Senior Life Tips

Senior in high school right now. I've had the privilege of attending a private high school owned by a university, so for my junior and senior years, I've had the opportunity to take some college courses.

Summer 2015, I took Introductory macro, and then took introductory micro in the fall 2015. Spring 2016 I took Empirical Economics I. Summer 2016 I was busy with college apps and the sort so I didn't take any summer courses, but fall 2016 I doubled up on Econ and took Empirical Economics II and Intermediate Micro. Now in Senior Spring I'm taking Intermediate Macro and Statistics for Economists.

Over the summer, if I take another course, this will mean I have taken 8 semesters of economics during my time in high school.

Now, when I get to college, I have a lot of path opportunities with this syllabus. I've been really interested in finance since sophomore year, when I realized I'd probably make a shitty engineer because I didn't like Chemistry or Physics, and Biology junior year was also boring for me.

Now, I have a few questions:
1. Is an economics degree a good major? I was thinking of combining math and econ in university.
2. Should I take a gap year? My mom has been recommending I take one, even though i know what my major is, because she wants me to develop more as a person. She thinks I should travel around a bit more and get to learn more places.
3. Should I take any languages? Normally, in junior year we take language and science as college courses, but i voided language requirements by taking AP german. I speak near-fluent German and I'm really good at learning languages (I did well in Latin freshman and sophomore year and Spanish in middle school). If so, what languages would you recommend?
4. Should I consider taking any courses in finance or accounting to add onto my knowledge of Econ, or just keep progressing in Econ?

Thanks anons!

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Bump for interest, also senior here

Join the airforce.
just put in four years, do something interesting and save your money while in.
Do not let your parents persuade you into pursuing college until you are 100% fucking sure what you want to study.
Else you end up like me in professional school for a career you hate and constantly terrified of your future.
If I were to do everything over again at the age of 18 (I fucking wish) I would follow my tips above.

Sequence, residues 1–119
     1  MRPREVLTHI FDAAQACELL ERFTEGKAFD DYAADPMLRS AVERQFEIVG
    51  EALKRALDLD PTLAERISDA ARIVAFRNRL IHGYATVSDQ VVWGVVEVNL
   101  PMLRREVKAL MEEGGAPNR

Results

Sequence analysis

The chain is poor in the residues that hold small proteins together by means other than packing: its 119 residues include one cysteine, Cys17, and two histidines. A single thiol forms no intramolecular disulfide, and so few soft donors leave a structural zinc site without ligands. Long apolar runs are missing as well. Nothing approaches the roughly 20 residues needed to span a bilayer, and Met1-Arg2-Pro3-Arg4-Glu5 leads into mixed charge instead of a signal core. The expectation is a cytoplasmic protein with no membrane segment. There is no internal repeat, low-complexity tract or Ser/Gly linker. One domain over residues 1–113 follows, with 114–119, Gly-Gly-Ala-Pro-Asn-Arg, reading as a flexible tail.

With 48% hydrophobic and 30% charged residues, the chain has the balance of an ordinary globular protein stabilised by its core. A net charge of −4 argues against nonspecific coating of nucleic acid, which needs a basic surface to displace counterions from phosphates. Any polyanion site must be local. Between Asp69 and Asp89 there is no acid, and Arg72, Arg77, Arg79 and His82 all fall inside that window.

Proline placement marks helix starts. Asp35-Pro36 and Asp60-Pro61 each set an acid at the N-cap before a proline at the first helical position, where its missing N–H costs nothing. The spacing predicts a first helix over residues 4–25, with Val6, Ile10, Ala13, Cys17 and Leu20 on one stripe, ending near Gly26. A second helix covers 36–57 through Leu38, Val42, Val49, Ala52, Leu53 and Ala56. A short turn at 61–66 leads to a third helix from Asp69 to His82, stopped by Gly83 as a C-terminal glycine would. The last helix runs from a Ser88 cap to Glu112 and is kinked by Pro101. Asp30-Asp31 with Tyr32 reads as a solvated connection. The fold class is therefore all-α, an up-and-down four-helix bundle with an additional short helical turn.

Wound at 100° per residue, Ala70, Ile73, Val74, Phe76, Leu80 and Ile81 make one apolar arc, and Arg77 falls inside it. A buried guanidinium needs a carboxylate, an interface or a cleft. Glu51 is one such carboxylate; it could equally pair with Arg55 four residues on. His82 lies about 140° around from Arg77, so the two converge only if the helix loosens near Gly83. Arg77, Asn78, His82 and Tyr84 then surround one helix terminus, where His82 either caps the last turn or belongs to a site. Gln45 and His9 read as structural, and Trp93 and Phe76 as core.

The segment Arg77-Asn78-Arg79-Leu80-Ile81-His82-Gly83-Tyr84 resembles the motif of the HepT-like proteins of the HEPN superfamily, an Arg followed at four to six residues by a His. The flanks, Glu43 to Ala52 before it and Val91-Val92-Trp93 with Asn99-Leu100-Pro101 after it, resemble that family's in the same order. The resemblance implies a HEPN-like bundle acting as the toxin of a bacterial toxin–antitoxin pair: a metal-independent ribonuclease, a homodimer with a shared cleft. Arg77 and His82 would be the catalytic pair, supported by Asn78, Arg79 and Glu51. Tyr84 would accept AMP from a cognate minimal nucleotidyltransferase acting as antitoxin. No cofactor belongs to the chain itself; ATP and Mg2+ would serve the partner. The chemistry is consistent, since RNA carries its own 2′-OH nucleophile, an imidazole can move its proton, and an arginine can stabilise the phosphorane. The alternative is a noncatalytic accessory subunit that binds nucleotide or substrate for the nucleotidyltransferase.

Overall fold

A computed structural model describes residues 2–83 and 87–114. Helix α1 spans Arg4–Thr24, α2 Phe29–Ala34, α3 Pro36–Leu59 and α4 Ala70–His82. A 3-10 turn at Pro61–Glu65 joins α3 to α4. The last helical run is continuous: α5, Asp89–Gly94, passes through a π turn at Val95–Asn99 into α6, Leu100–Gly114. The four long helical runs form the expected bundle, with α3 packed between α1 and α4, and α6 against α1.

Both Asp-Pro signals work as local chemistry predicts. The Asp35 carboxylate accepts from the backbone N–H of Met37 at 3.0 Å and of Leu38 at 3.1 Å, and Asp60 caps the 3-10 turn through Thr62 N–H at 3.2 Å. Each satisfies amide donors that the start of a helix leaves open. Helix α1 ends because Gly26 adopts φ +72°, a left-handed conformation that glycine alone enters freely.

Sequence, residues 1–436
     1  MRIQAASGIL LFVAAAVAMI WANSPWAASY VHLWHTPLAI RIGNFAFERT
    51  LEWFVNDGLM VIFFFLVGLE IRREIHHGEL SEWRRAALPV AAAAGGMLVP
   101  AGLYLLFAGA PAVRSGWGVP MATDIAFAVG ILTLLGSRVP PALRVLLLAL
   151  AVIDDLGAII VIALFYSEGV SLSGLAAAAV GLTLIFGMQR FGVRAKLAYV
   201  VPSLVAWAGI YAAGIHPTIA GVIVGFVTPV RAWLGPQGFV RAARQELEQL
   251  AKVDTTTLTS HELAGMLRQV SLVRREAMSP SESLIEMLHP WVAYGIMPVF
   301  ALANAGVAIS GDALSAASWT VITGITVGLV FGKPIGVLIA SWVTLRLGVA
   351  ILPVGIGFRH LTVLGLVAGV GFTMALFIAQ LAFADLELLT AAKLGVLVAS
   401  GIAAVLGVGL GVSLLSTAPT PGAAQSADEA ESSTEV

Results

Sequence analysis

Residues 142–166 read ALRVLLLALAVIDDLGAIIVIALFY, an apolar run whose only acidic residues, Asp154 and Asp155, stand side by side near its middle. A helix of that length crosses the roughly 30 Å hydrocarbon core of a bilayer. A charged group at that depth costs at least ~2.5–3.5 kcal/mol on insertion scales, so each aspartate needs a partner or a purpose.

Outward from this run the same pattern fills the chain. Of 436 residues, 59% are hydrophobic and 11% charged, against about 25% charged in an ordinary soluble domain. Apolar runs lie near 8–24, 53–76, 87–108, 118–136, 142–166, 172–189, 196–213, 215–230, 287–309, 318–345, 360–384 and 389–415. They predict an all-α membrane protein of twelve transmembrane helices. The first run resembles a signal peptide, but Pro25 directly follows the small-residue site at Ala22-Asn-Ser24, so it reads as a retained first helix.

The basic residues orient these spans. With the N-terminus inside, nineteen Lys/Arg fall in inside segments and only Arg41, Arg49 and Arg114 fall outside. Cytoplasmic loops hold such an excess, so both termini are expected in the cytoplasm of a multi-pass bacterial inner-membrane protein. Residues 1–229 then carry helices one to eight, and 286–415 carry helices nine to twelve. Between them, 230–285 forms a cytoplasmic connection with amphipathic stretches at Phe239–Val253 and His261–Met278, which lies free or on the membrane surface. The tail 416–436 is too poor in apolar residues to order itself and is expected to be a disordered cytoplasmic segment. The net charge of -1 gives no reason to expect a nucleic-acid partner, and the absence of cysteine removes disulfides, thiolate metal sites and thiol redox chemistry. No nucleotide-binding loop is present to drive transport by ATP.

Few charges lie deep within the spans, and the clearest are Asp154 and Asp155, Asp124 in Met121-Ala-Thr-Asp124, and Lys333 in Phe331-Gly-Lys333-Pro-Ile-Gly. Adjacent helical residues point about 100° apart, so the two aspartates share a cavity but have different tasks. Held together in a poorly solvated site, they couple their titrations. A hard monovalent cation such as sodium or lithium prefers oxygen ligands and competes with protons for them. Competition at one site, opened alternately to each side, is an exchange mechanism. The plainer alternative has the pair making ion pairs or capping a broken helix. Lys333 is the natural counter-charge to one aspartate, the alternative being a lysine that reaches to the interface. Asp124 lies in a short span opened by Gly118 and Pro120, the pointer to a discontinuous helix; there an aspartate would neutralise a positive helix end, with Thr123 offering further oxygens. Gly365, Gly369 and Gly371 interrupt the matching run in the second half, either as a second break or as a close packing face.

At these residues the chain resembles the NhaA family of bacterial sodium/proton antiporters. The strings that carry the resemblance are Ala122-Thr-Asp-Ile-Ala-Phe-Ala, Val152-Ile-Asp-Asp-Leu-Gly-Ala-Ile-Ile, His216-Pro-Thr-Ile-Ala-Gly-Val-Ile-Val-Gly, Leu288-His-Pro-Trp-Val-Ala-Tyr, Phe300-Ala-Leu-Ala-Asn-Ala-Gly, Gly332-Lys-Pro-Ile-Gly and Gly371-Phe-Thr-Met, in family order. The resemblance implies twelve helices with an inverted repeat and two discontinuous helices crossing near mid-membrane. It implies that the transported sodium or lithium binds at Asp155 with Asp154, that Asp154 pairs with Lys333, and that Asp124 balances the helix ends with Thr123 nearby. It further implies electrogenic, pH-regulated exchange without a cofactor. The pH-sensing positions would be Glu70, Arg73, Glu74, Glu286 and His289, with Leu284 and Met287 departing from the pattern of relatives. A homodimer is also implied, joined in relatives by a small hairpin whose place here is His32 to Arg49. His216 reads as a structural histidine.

Fuck college. Watch these videos.

Develop a skill. Trade that skill for money.

Le fuck college meme

>Be me
>Go to college, 4 year engineering program
>Graduate last year, 50k debt
>Get job in petroleum industry yet with good job security
>160k/yr starting, food and shelter paid for while on the job
>Already paid off all debt
But by all means don't go to college, it's a ripoff and a scam

You're like almost done with an Econ degree.

Did you get into any good schools? If you got an ivy then just cash in. The ROI of an econ degree from harvard is probably the highest you can get from an undergraduate degree.

I wouldn't waste being this far ahead in class. I came from a shit public school and took every single AP/college credit class offered and its made college much more enjoyable and relaxing.

I can take my time on the more rigorous courses and not fall behind since i'm so far ahead. That translates to a high GPA and more time to socialize + network.

You'd fall in my position only instead of walking in with gen ed's done you'd walk in with a BA in econ already (assuming the credits transfer). Get a degree in stats or math to pair with it and you'll do fine.

Use your economical knowledge to daytrade crude oil futures or forex

I haven't gotten my results back in, but my stats were:
-3.5 GPA
-Extracurriculars: German (I took some tests from the German gov't proving fluency and did saturday school since fourth grade), Crew/Rowing (coxswain since freshman year), Community service (got 160 hours for teaching physics to middle schoolers in freshman and sophomore year summer), and Violin (played since third grade).
-Math Recommendation: taught me precalc and calc sophomore and junior year; I think that he wrote a good recommendation. I told him about my interest in Econ mid junior year and I struggled in Calc for the first half of junior year since I did like zero homework and barely studied. But I worked with him, studied, and kept up with my work and turned my B- into an A- by the end of the year.
-Humanities recommendation: History teacher sophomore and junior year; definitely good. He always enjoyed that I would take a reading for class and have an interesting perspective on it. In a class debate, I wouldn't shy away from arguing the opposite of what other people thought and he always liked that i kept up with the readings and such.

I applied to Yale, UPenn, Harvard, and Columbia, but also applied to UChicago. The top schools I think I stood a shot at were Northwestern, Northeastern, and NYU.